But let each man prove his own work, and then shall he have his glorying in regard of himself alone, and not of his neighbor. For each man shall bear his own burden.

Galatians 6:4‭-‬5 ASV

“Work” here means practical behavior contrasted with profession.

Such a work is here set forth as the basis of one’s “glorying,” a Pauline expression meaning “rejoicing in the hope of salvation.”

This is a companion statement to “Work out your own salvation with fear and trembling” (Philippians 2:12).

Standing, as it does, here at the end of Galatians it is the effective and irrefutable denial of the slander that would make Paul’s rejection of the “works” of the Law of Moses as having any connection with salvation, to be in any sense inclusive of the “work of faith” which is required of every Christian (1 Thessalonians 1:3).

There’s a shade of meaning in this alternate rendition: “Let each one test his own work; then his reason to boast will be in himself alone, and not in (comparing himself) with someone else.”


Every man or woman, rich or poor, old or young, wise or foolish, weak or strong, has some burden to bear.

One’s neighbors may not always see it, for some burdens are hidden; and there must be many like the ancient Jewish king who wore sackcloth beneath his royal robes.

Some smiling faces mask a burdened heart.

Some may be shared with others; other burdens must be borne by every man himself (see Galatians 6:1); and of a third class, the Scriptures command, “Cast thy burden upon the Lord” (Psalms 55:22, English Revised Version margin (1885)).

The word of God reveals that burdens may be handled in three ways:

A. Burdens that may be shared with others.

There is many a load of life that grows infinitely lighter under the touch of a friendly hand or the sound of an encouraging word.

When the storms of life’s deepest emotions have been unloosed by overwhelming experiences, it is the glory of Christians to “rejoice with those that do rejoice, and to weep with those who weep.”

Love and toleration for the weak, and loving compassion for the needy, as well as love and appreciation for every soul’s unique and eternal value “in Christ” can ease the burdens of the weary and bless the giver and the receiver alike.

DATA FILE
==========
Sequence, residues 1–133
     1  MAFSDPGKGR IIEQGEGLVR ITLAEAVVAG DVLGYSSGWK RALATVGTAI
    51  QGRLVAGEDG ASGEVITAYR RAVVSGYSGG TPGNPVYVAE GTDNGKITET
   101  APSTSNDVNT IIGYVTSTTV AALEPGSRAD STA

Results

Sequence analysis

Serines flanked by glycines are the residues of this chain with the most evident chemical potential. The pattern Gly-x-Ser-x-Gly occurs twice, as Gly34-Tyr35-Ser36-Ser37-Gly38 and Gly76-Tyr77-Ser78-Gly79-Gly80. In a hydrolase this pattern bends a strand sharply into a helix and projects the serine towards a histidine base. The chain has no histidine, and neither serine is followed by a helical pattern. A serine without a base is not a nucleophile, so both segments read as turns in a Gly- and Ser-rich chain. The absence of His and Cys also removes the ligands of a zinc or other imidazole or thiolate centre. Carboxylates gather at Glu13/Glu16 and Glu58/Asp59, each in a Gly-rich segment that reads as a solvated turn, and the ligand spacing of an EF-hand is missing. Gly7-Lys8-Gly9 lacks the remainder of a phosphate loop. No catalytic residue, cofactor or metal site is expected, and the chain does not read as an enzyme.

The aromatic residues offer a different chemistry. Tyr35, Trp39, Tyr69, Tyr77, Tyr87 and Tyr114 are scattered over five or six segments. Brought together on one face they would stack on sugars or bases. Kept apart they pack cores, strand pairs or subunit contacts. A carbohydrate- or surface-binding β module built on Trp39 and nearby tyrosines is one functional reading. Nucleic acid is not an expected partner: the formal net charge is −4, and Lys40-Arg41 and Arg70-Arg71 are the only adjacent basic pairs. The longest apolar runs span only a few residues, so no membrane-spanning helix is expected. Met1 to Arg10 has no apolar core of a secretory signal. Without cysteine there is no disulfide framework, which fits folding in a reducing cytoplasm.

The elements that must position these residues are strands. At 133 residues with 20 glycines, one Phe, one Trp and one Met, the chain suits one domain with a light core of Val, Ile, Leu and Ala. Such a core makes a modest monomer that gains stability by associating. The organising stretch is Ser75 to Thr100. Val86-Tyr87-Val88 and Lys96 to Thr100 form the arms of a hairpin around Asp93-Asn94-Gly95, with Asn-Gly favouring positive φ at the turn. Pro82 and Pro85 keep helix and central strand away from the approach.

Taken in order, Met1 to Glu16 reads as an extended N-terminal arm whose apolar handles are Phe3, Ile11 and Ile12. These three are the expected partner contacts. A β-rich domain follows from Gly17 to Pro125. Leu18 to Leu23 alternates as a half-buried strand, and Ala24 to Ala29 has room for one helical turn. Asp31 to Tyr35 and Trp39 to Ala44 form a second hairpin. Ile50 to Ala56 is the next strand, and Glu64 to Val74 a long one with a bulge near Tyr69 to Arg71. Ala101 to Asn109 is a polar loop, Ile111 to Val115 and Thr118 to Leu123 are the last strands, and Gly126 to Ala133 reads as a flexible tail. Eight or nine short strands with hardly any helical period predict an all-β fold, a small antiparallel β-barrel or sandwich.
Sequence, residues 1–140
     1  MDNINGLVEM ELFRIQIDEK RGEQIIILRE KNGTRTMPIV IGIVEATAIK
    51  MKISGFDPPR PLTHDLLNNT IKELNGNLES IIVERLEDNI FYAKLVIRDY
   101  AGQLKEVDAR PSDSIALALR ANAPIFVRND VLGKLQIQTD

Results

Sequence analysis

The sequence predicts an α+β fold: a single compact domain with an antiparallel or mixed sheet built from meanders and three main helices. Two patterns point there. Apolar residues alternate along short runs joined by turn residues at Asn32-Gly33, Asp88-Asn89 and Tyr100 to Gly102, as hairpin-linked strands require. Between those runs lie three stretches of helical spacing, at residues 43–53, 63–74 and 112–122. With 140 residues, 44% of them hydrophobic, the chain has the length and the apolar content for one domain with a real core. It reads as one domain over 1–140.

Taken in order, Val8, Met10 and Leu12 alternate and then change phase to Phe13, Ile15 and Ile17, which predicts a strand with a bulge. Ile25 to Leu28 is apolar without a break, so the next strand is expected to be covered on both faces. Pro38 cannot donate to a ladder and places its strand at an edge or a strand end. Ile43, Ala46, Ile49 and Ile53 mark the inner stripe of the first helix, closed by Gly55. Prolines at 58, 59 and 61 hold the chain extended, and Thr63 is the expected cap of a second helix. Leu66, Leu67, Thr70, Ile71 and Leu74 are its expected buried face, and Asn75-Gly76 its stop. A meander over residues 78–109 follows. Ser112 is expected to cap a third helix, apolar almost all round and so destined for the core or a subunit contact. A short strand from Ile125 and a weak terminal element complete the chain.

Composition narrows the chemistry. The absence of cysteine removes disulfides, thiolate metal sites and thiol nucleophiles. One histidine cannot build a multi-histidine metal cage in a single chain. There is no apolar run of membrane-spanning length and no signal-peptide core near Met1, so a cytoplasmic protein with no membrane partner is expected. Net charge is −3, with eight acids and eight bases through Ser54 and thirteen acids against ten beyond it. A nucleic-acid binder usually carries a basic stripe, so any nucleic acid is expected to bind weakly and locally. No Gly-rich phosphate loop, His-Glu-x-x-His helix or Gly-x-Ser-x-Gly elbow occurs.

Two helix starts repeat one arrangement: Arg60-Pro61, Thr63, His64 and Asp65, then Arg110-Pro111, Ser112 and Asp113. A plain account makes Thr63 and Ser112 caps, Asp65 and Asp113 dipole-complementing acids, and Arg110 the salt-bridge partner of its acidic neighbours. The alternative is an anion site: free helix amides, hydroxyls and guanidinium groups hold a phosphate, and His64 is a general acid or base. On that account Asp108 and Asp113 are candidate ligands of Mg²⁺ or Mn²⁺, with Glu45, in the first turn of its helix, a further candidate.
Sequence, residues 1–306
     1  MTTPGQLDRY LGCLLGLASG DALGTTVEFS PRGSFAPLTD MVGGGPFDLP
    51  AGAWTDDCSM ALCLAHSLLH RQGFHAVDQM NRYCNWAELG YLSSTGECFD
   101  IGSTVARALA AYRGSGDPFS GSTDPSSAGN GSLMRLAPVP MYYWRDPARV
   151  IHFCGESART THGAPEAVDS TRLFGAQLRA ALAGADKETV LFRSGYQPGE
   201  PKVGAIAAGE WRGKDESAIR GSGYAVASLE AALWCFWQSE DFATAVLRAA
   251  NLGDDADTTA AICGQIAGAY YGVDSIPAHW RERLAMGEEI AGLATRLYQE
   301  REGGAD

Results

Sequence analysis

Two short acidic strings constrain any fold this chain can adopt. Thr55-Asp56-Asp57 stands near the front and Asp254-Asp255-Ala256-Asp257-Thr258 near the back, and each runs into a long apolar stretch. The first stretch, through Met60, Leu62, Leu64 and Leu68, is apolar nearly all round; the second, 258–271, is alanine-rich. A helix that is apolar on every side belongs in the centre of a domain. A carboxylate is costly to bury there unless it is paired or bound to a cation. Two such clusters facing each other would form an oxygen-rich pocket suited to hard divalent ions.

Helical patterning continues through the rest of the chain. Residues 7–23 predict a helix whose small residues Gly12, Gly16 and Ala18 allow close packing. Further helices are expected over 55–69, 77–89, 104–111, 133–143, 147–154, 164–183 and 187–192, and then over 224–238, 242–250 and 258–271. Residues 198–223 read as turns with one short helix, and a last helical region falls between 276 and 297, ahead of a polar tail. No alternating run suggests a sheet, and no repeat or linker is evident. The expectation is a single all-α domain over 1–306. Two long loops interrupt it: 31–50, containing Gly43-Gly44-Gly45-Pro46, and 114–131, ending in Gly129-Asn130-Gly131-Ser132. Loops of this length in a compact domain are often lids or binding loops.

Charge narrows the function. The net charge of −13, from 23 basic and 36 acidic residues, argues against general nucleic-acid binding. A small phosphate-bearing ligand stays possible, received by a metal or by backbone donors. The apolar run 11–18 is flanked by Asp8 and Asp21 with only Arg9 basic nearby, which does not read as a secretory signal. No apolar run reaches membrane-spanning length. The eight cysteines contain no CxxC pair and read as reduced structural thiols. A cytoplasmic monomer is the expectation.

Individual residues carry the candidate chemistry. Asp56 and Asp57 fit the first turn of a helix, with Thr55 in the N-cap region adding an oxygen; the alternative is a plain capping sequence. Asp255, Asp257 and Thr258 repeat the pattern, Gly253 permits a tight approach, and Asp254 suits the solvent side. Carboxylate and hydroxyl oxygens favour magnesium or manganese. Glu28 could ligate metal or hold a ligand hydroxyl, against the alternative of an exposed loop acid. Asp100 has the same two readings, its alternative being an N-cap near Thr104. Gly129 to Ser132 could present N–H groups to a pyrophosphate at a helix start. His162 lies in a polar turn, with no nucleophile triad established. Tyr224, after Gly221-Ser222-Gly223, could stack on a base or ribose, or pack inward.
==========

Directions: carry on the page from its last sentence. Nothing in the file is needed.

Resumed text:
B. The burdens one must bear himself.

No one may share another’s responsibility.

“Every man shall bear his own burden.” “Every one of us must give an account of himself to God” (2 Corinthians 5:10; Romans 14:12).

Every man must bear the burden of ordering his life after “the sayings of Jesus Christ” (Matthew 7:24-27), upon pain of being either a wise or a foolish builder; and no commentator or preacher ever had the right to bear that burden for him. See Law of Christ blog.

C. The burdens that are too heavy to be borne.

Of a third class of burdens, it is said, “Cast thy burdens upon the Lord.”

Our sins are such a burden.

Our sins we cannot ignore, deny or make restitution for them; only “in Christ” may they be forgiven.

Our anxieties are too frustrating and depressing to be borne by mortals. All of them should be cast upon the Lord (Philippians 4:6).

Great natural calamities, WARS, pestilence, revolutions and countless other things are burdens no mortal can bear.

Cast them upon the Lord.

Cast your burden on the Lord, and he will sustain you; he will never permit the righteous to be moved.
Psalms 55:22 RSV
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